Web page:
Amelia the Owl

Amelia the owl. See her at the Raptor Experience where visitors get an up-close-and-personal view of some of Wyoming’s most recognized birds of prey.

Opened in 2002, the Draper Museum of Natural History portrays the natural world as it appeared to early inhabitants and explorers. Trailing down a circular walkway from the alpine tundra to the plains, one hears the far-off cry of the wolf, the crackle of a forest fire, or a gust of wind whisking the pine trees. Along the way, one develops a keen understanding of the ways humans interact with their environment, especially in the Greater Yellowstone Ecosystem. This first natural history museum of the 21st century employs high-tech and interactive audio and visual display panels and open spaces for hands-on entertainment and education for the whole family.

Draper National History Museum at the Buffalo Bill Center of the West

Draper National History Museum

The Draper Museum Raptor Experience is a live raptor education program that allows us to share some of our area’s most spectacular wild animals with visitors. Get an up-close-and-personal view of some of Wyoming’s most recognized predators, the birds of prey.

See Albert Bierstadt

Albert Bierstadt's painting of Old Faithful

While at the Buffalo Bill Center of the West, don't miss seeing the work of Albert Bierstadt. A western landscape artist, Bierstadt captured scenes from Yellowstone, along with the West's most iconic landscapes, native peoples and animals. Through his art, he hoped to preserve the dignity of native peoples and draw attention to the decimation of American bison. 

Whitney Western Art Museum at the Buffalo Bill Center of the West

See Yellowstone through artists' eyes

His work and that of others in the Whitney Western Art Museum offer visions of the American West through the eyes of its master painters and sculptors. Landscapes by Albert Bierstadt and Thomas Moran share gallery space with paintings of the classic West by Frederic Remington, Charles M. Russell, N.C. Wyeth and W.H.D. Koerner.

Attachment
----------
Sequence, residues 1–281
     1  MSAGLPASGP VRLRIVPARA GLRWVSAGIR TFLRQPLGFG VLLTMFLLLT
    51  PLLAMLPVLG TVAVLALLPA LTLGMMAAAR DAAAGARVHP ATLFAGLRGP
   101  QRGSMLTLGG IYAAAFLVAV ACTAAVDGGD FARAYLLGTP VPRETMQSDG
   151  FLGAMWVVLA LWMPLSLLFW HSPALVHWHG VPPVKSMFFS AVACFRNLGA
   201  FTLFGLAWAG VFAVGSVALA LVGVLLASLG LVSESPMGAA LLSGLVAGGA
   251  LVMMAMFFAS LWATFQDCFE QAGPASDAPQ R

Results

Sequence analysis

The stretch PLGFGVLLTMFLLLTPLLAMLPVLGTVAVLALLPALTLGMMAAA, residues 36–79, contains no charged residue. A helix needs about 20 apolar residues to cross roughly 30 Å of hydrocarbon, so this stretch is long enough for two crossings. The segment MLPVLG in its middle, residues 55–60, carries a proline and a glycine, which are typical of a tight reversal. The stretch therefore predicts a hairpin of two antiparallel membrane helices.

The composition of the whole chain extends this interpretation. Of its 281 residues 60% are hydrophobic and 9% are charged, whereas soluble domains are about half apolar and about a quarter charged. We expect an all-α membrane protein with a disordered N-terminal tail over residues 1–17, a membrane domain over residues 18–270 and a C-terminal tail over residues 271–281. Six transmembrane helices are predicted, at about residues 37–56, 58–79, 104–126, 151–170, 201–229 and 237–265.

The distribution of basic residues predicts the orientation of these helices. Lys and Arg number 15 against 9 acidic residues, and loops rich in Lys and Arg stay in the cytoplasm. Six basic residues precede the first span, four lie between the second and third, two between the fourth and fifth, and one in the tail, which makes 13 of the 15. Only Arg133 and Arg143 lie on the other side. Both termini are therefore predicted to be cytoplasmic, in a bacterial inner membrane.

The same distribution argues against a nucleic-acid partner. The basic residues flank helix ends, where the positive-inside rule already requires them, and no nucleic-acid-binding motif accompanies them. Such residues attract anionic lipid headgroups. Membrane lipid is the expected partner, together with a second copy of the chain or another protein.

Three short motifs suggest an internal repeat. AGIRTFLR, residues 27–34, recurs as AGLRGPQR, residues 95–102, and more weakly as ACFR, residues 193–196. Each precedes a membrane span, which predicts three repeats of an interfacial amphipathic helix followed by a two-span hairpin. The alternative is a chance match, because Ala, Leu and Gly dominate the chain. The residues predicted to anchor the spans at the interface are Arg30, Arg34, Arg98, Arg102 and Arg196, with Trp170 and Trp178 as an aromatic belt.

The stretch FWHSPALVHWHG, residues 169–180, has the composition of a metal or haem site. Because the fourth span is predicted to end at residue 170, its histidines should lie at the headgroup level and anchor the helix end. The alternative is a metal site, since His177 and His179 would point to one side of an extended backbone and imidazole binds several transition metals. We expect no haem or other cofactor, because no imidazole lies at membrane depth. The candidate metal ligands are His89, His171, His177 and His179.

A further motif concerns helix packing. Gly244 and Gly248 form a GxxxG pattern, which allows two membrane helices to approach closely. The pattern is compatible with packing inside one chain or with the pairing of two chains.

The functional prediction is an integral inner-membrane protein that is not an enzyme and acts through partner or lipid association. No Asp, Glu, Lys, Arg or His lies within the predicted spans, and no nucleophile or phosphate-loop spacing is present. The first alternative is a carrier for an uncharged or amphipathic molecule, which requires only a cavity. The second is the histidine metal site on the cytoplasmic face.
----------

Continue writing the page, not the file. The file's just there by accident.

Experience the Culture of the Plains Indian

Plains Indian Museum at the Buffalo Bill Center of the West

Listen to the stories of the Plains Indians

The timeless beat of the Indian powwow and the powerful recitation of stories handed down through the ages are among the audio experiences awaiting visitors to the Plains Indian Museum. The use of audio-visual exhibits in combination with one of the nation's largest collections of Native American art and artifacts have created what Crow elder and historian Joe Medicine Crow called a "living, breathing place."

See the Massive Collection of American-made Firearms

The newly renovated Cody Firearms Museum has the world's most comprehensive collection of American firearms, revealing the impact of the firearm on history. From Civil War revolvers to Buffalo Bill's Winchester 1873 lever action used in his traveling show "Buffalo Bill’s Wild West" to guns used in Hollywood, you'll learn the stories behind them all.

“It’s about so much more than guns,” Meyer says about the museum’s new multi-million dollar renovation. “Regardless of your opinion about firearms and gun control, it’s a great place to understand the use and misuse of guns and their role in history.”

Cody Firearms Museum at the Buffalo Bill Center of the West

A museum docent tells the stories of guns in history

The fine art of engraved firearms and revolutionary advancements in engineering are among the surprising elements of the story behind one of the world's largest and most important collection of American arms, as well as European arms dating to the 16th century.

As you tour the most comprehensive collection of American-made firearms in the world, see how firearms factories, competition, and production innovations have as much to do with the West as the guns themselves.

For More Information:
Buffalo Bill Center of the West
(307) 587-4771
720 Sheridan Avenue Cody, Wyoming 82414
centerofthewest.org